What is insight, really, and why can’t we control it? I really like this definition of insight: an instance of apprehending the true nature of a thing, especially through intuitive understanding. The true nature of a thing. So often I feel like I am peering into dim, murky light when I am trying to solve problems or even create text describing the world as it is, or as we would like it to be. When I am able to do that well it is because of that flash of light that allows me to see the true nature of a thing, and then I am better equipped to act on it. But why can’t we know the true nature of a thing without insight? Why isn’t the true nature of a thing – especially a thing like a behavior or an epidemic or a bureaucracy – apparent in plain light?

Maybe it is because we cannot see and hold in our conscious minds all the glittering bits of data that make up the true nature of a thing; intellect, while powerful, has bandwidth, and complex problems exceed it. If you think of intellect as the part of your mind that you direct to crunch data and answer emails and write text, imagine it operating in the plain, ordinary light of day. Beneath that self-directed activity, though, is the rest of your brain with its trillions of connections operating in a different, brilliant light. Just as you could never expect to run or leap just by ordering your muscles to fire (your intellect would make a mess of ordinary movement) you cannot expect your brain to solve every complex problem by intellectual effort. Sometimes you have to let your brain make the leap, undirected. And when that leap happens you see the light flash as the door between the unconscious mind and the conscious intellect swings open to let the insight through.

Is this all a little too woo-woo? Probably. I’m not much of a neuroscientist. But the truth is that we do find solutions to complex problems when we deeply understand them, and those solutions often come to us complete and without conscious effort, and usually when we don’t have a pen handy. So how to help urge insight along, make that flash a little more likely? I’ve got two thoughts.

Help your brain do the work. Insight isn’t magic – you can’t have insight into something you don’t know or don’t understand. Your intellect can help insight along by doing the work of learning, exploring, asking, and thinking. Give your brain the information and learning it needs to make connections, find commonalities, and make generalizations. Feed your brain with experiences, real and secondhand, to learn from. You need grist for the mill. Provide it.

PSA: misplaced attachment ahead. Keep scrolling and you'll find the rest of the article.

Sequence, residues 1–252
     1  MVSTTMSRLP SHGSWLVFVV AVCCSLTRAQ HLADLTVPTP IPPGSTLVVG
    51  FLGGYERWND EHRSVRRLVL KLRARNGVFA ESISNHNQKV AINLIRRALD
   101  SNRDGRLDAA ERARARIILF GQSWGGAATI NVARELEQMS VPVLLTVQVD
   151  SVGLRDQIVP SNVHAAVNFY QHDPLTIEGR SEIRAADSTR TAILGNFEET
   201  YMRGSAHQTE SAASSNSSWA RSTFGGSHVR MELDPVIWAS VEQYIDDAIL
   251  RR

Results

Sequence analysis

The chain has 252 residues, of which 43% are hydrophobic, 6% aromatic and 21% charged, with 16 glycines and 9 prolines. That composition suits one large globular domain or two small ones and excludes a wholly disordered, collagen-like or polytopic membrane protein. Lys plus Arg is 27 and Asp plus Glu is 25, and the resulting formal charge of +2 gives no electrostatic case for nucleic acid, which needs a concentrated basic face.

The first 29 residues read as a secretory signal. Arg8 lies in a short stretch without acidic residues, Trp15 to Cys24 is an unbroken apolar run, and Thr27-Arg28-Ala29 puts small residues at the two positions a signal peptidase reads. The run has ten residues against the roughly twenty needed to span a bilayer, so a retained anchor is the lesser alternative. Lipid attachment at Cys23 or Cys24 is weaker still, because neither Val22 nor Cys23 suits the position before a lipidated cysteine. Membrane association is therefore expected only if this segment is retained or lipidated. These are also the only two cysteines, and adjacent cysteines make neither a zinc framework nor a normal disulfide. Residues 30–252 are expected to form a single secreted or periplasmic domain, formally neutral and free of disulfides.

Open the door. The furious intellectual work we often do to solve problems pushes hard against the door between our conscious and unconscious minds, but that is the same door that must swing open to let insight through. As long as we are pushing that door stays shut. When we do something like shower or run or daydream our busy brain relaxes, the pushing stops, and the door opens enough to let the light through. My advice? Smell the flowers, stare out the office window, look at the clouds, walk aimlessly. It’s the only way I know to call down a lightning strike.

Its Not Easy

I was not a good student. In fact, I was a really rotten student from the time we moved from wooden blocks to books, and all the way up through high school. I couldn’t read until second grade, and I spent third grade in the counselor’s office taking weird test with colored blocks as they tried to figure out why I couldn’t spell or do basic arithmetic. In fourth grade my dad made me a massive poster with the multiplication table and pasted it to the ceiling above my bed so I would see it even when I wasn’t trying to. In seventh grade my parents went nuclear when my school tried to track me away from the college-bound students, and then I spent endless hours weeping over my pre-algebra homework. High school, aside from literature and writing courses, baffled me – I did not understand, until the end, that other people actually remembered details of what they read the first or second time, and that it was unusual that no matter how hard I studied I barely passed.